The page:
I have also written in a prison cell. In the dark. Lying on the floor, facing the bars, so I could grab some of the lighting from the tier. In fact, I did a lot of writing during that horrible experience. It is because of writing that I turned three years of incarceration into an oasis of discovery, spirituality and creativity. I was able to enroll in a two-year college program and start earning credits toward an undergraduate degree. Writing introduced me to inmates who were also writers. I had the privilege of reading a publication put together by inmates called “Notes From The Greystone Hotel,” which contained flash fiction, personal reflection, poetry and prose. It was then that I learned, at least for me, to write is to grow. (The State Correctional Institution at Rockview was nicknamed The Greystone Hotel.)

I write because I have to write. Space to write? If I’m serious about my craft and driven to get what I’m thinking and what I’m feeling out of my head, down my arms, and onto the journal page or laptop keyboard, then I will consider everywhere to be “The Space to Write.” Stephen King wrote Carrie on a card table in the laundry room of his house. I truly never know when an idea will grab me and refuse to let me go. I recently wrote a poem called “I wrote a Poem Once While Sleeping.” You can read it by clicking on the link: https://theaccidentalpoet.net/2015/09/18/i-wrote-a-poem-once-while-sleeping. I would love to hear what you think about it. Anyway, I look forward to reading other posts on The Space to Write.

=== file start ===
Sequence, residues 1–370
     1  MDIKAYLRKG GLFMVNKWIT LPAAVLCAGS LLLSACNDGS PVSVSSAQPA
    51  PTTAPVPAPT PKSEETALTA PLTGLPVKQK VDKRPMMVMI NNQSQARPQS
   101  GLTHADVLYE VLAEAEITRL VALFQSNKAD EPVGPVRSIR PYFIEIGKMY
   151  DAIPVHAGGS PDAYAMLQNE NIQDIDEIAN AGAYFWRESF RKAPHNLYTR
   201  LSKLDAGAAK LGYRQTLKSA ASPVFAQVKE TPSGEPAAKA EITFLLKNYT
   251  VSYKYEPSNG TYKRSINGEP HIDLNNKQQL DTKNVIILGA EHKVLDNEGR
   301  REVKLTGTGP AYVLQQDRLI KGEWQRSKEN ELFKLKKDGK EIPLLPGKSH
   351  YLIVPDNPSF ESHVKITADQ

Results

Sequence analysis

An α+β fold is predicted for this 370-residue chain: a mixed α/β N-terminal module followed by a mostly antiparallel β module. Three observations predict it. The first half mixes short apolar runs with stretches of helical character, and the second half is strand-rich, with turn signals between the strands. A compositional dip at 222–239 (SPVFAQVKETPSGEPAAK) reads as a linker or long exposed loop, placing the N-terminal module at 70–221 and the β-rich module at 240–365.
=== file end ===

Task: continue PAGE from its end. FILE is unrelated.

Hatred

Anger Is Right. Rioting Is Wrong. - BNN BloombergOur country is reeling from systematic police violence against Black Americans. The recent death of George Floyd in Minneapolis at the hands of a police officer— who put a knee on Floyd’s neck for nine minutes— has ignited a fire of protest. This is a new version of a poem I wrote several years ago.

That hatred you have for everyone,
that global anger,
it doesn’t matter how justified you are,
or how wrong the other person is.

You can fume and cuss and scream,
complain and blame,
but it’s just going to eat you alive.

You can get upset with me
for speaking this way,
give me the cold stare,
and refuse to talk to me,
but it won’t change a thing.

Hatred kills.

©1998 Steven Barto

Ballad of Birmingham

Written by Dudley Randall

“Mother dear, may I go downtown
Instead of out to play,
And march the streets of Birmingham
In a Freedom March today?”

“No, baby, no, you may not go,
For the dogs are fierce and wild,
And clubs and hoses, guns and jails
Aren’t good for a little child.”

“But, mother, I won’t be alone.
Other children will go with me,
And march the streets of Birmingham
To make our country free.”

“No baby, no, you may not go
For I fear those guns will fire.
But you may go to church instead
And sing in the children’s choir.”

She has combed and brushed her night-dark hair,
And bathed rose petal sweet,
And drawn white gloves on her small brown hands,
And white shoes on her feet.

The mother smiled to know that her child
Was in the sacred place,
But that smile was the last smile
To come upon her face.

For when she heard the explosion,
Her eyes grew wet and wild.
She raced through the streets of Birmingham
Calling for her child.

She clawed through bits of glass and brick,
Then lifted out a shoe.
“O, here’s the shoe my baby wore,
But, baby, where are you?”

©1963 Dudley Randall